Federal Rule of Civil Procedure 68 provides, in relevant part, that at least 14 days before trial, a defendant may serve upon a plaintiff an offer of judgment to be taken against the defendant for money with cost then accrued. Fed. R. Civ. P. 68(a). Courts are somewhat mixed on the use of an offer of judgment in Fair Labor Standards Act (“FLSA”) cases. However, what is clear is that in FLSA cases, Courts must still determine whether a settlement is a fair and reasonable resolution in order to give it final and binding effect. See, e.g., Arencibia v. Miami Shoes, Inc., 113 F.3d 1212 (11th Cir. 1997) (discussing FLSA settlements in the context of Rule 68 offers of judgment); Silva v. Miller, 307 F.App’x 349 (11th Cir. 2009) (discussing requirement of judicial oversight in context of an offer of judgment even when full claimed amount is paid when attorney’s fees are involved);[1] Norman v. Alorica, Inc., 2012 U.S. Dist. LEXIS 159512 (S.D. Ala. Nov. 7, 2012) (same); Baxter v. Automated Gate Sys., Inc., 2010 U.S. Dist. LEXIS 100566, 2010 WL 3730900, *2 (M.D. Fla. Sept. 2, 2010) (same); Delgado v. Excel One, Inc., 2009 U.S. Dist. LEXIS 43476, 2009 WL 1456452, *1 (M.D. Fla. May 22, 2009) (same); Urshan v. Orlando Utilities Comm’n, 2009 U.S. Dist. LEXIS 68066, 2009 WL 2392060, *2 (M.D. Fla. Apr. 20, 2009) (same).

         In the case at hand, Plaintiff originally sought back pay for the minimum wage claim in the amount of $7,160.01 (including interest accrued). See Doc. 95 at p. 8 and Ex. F. Later, in the joint motion for approval of the accepted offer of judgment, Plaintiff increased her claim to $9,214.76. While normally that would be a matter of concern for the court, it is not a factor in this particular instance. It seems apparent from the Offer of Judgment and correspondence relating to it that the amount pertains to both the minimum wage principal amount and liquidated damages.

         Based on a review of the Offer of Judgment, it is clear that Plaintiff was compensated for that amount plus liquidated damages and a small additional amount rounded up regardless of which number is used. See Doc. 121, Ex. B. Specifically, “the judgment shall provide for an award of damages, including compensatory and liquidated damages, in the total amount of $10,000.00.” Id. at (1).[2][3] The Offer of Judgment also provided for an award of reasonable fees and costs. Id. at (2) and (3). Finally, the offer of judgment preserved appellate rights. Id. at (4). As the total value clearly covers Plaintiff’s minimum wage claim, the Court finds that the settlement is a fair and reasonable settlement of a bona fide dispute for the sole remaining claim. Therefore, the joint motion for approval of settlement is approved.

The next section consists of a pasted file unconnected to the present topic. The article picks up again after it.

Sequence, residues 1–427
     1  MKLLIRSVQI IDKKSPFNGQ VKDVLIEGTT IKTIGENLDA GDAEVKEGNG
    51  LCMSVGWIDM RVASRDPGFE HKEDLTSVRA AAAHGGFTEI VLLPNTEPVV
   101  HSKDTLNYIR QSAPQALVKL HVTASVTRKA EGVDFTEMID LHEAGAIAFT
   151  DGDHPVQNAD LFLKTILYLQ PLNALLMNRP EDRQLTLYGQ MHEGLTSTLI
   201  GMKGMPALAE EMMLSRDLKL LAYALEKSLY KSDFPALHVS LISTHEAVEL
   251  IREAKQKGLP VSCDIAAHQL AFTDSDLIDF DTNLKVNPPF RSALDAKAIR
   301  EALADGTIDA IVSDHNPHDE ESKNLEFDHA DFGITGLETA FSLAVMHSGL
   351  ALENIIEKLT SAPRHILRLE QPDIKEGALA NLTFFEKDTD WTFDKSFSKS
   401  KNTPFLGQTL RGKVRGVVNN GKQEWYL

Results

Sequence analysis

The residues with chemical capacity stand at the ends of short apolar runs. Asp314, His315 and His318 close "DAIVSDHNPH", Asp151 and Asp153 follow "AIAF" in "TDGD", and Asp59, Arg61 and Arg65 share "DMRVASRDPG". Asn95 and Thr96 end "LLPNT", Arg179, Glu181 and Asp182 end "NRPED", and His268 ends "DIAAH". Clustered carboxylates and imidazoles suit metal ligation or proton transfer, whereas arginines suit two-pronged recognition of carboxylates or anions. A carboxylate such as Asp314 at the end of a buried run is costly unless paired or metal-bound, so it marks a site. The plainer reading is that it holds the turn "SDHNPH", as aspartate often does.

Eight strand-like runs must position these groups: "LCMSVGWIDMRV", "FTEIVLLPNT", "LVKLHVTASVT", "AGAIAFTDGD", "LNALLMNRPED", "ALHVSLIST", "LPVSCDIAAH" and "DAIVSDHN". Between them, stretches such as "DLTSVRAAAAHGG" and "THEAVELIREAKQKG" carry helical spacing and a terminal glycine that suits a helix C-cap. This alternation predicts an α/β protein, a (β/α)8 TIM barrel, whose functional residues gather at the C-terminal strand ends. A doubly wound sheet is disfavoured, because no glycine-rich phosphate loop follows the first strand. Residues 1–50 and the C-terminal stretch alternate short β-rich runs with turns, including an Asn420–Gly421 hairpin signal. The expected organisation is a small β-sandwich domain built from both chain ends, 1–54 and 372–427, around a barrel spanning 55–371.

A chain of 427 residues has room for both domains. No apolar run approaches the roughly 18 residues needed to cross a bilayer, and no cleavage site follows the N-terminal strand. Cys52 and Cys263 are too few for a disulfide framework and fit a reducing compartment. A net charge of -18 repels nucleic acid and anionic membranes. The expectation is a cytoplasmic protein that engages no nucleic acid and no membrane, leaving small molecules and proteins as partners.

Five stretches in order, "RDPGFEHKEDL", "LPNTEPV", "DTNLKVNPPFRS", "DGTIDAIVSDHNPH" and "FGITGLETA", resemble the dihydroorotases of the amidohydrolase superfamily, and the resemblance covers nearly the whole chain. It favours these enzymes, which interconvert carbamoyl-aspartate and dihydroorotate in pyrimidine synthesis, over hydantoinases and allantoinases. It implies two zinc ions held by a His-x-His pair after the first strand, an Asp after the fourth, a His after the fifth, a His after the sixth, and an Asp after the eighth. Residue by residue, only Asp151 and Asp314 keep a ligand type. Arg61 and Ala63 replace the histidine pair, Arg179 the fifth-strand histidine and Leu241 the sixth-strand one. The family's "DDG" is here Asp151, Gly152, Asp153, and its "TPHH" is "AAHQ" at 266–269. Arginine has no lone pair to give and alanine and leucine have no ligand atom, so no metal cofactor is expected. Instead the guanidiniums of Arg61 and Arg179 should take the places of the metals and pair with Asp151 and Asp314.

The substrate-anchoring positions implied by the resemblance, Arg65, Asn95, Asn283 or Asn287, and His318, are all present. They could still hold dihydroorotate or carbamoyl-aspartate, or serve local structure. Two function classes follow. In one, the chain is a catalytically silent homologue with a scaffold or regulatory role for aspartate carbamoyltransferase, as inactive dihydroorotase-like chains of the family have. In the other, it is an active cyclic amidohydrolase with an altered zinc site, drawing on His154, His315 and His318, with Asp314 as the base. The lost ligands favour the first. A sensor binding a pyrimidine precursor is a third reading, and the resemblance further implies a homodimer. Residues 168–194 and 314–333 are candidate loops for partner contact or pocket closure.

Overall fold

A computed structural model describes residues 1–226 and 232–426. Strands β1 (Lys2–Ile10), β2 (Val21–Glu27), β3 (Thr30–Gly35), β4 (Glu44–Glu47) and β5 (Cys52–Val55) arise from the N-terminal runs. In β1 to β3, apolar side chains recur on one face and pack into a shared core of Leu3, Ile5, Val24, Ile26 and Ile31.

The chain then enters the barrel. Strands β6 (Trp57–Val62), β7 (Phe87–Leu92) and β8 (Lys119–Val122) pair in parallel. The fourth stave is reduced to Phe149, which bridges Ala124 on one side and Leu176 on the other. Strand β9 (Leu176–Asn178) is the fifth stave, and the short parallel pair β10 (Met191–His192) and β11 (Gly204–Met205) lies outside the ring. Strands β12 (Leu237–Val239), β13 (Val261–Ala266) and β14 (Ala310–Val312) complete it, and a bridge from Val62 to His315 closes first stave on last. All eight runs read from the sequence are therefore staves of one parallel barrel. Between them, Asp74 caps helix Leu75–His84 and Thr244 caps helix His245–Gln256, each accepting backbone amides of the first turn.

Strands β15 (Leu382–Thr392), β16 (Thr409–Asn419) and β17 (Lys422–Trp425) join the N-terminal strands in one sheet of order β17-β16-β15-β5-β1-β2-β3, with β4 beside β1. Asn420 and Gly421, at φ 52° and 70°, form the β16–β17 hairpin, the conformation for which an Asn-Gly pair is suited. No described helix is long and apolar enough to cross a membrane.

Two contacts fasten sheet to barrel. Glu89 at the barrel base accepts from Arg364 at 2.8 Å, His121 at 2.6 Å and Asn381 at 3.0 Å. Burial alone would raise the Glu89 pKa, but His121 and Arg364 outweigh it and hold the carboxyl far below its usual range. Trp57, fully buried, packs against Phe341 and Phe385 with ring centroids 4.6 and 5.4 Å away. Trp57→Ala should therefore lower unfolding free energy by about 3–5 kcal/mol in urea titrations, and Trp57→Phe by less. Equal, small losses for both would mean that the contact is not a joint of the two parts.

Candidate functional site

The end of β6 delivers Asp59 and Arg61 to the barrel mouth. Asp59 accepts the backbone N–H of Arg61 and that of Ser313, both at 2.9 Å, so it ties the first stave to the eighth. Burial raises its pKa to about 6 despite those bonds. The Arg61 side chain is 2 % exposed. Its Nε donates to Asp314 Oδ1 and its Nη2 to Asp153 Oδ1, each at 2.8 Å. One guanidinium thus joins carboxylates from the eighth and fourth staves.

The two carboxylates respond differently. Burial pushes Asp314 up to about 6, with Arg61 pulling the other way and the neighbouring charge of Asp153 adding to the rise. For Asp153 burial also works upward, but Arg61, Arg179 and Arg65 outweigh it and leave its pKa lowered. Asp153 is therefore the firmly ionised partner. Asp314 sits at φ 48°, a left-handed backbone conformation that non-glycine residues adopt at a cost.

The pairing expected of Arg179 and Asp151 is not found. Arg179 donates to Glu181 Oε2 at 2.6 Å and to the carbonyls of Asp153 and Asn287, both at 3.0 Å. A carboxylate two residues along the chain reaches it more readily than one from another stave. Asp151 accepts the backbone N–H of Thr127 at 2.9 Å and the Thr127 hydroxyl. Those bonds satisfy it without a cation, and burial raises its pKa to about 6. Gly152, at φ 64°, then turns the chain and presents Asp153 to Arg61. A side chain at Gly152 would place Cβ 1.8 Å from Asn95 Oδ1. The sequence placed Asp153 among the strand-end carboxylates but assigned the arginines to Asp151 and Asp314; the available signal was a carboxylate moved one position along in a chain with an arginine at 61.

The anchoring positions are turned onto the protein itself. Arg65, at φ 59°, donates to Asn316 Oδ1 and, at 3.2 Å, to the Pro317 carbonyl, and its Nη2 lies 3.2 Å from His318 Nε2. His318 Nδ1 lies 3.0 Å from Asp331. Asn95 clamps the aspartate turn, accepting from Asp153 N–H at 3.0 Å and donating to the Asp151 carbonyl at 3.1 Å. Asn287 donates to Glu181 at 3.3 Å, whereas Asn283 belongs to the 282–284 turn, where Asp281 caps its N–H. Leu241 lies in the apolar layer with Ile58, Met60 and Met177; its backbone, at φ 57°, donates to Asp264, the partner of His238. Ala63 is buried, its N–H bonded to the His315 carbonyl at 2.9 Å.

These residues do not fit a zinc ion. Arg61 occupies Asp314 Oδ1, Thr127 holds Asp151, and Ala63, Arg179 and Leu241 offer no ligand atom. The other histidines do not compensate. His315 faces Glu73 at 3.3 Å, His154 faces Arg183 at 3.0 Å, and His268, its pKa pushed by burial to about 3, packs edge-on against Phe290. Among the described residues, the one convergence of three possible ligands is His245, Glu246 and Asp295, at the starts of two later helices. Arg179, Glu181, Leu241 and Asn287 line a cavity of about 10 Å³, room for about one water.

III. Attorneys’ Fees

         In evaluating a request for attorneys’ fees, the Court applies the “lodestar” method. Hensley v. Eckerhart, 461 U.S. 424, 433-34, 103 S.Ct. 1933, 1939, 76 L.Ed.2d 40 (1983); Ass’n of Disabled Ams. v. Neptune Designs, Inc., 469 F.3d 1357, 1359 (11th Cir. 2006). The “lodestar” is found by “multiply[ing] the number of hours reasonably expended on the litigation by the customary fee charged in the community for similar legal services.” Neptune Designs, 469 F.3d at 1359. The fee applicant bears the burden of “establishing entitlement and documenting the appropriate hours and hourly rates.” Norman v. Hous. Auth. of City of Montgomery, 836 F.2d 1292, 1303 (11th Cir. 1988). To satisfy this burden, the fee applicant shall supply to the court: (1) specific and detailed evidence from which it can determine the reasonable hourly rate for the community and (2) records evidencing time spent on different claims and setting out with sufficient particularity the general subject matter of the time expenditures so that the court can assess the time claimed for each activity. Am. Civil Liberties Union of Ga. v. Barnes, 168 F.3d 423, 427 (11th Cir. 1999).

         After determining the lodestar, the court then addresses whether the award should be adjusted upwards or downwards. Pennsylvania v. Delaware Valley Citizens' Council for Clean Air, 478 U.S. 546, 565-66, 106 S.Ct. 3088, 3098-99, 92 L.Ed.2d 439 (1986); Neptune Designs, 469 F.3d at 1359. In conducting this inquiry, the court is guided by the twelve factors set out in Johnson v. Georgia Highway Express, Inc., 488 F.2d 714, 717-19 (5th Cir. 1974).[4], [5] See also Hensley, 461 U.S. at 429-30, 103 S.Ct. at 1937-38 (endorsing the Johnson factors). These twelve factors are:

(1) the time and labor required; (2) the novelty and difficulty of the questions; (3) the skill requisite to perform the legal service properly; (4) the preclusion of employment by the attorney due to acceptance of the case; (5) the customary fee in the community; (6) whether the fee is fixed or contingent; (7) time limitations imposed by the client or the circumstances; (8) the amount involved and the results obtained; (9) the experience, reputation, and ability of the attorneys; (10) the “undesirability” of the case; (11) the nature and length of the professional relationship with the client; and (12) awards in similar cases.